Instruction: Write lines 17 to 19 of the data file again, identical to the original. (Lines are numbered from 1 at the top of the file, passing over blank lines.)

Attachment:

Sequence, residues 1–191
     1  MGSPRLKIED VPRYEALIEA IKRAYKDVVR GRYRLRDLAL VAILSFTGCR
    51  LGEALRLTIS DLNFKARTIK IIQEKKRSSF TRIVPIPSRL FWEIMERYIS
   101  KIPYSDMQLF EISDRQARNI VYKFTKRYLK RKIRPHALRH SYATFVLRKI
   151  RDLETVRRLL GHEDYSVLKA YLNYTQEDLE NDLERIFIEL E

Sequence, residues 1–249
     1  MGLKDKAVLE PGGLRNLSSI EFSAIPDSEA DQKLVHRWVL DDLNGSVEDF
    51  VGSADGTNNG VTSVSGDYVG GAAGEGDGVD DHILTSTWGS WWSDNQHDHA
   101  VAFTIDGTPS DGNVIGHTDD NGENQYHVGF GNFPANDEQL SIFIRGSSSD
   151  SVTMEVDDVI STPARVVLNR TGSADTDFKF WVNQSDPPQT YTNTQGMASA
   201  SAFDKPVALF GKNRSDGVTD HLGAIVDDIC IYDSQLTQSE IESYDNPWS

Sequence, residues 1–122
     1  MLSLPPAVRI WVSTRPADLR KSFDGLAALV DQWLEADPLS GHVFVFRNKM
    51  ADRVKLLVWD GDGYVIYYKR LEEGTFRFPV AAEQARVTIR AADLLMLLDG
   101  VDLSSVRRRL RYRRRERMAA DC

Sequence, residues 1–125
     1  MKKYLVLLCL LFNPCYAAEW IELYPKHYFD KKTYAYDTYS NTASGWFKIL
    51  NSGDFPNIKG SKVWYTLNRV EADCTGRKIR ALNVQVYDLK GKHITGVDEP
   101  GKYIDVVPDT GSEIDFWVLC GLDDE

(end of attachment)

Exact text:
     1  MKKYLVLLCL LFNPCYAAEW IELYPKHYFD KKTYAYDTYS NTASGWFKIL
    51  NSGDFPNIKG SKVWYTLNRV EADCTGRKIR ALNVQVYDLK GKHITGVDEP
   101  GKYIDVVPDT GSEIDFWVLC GLDDE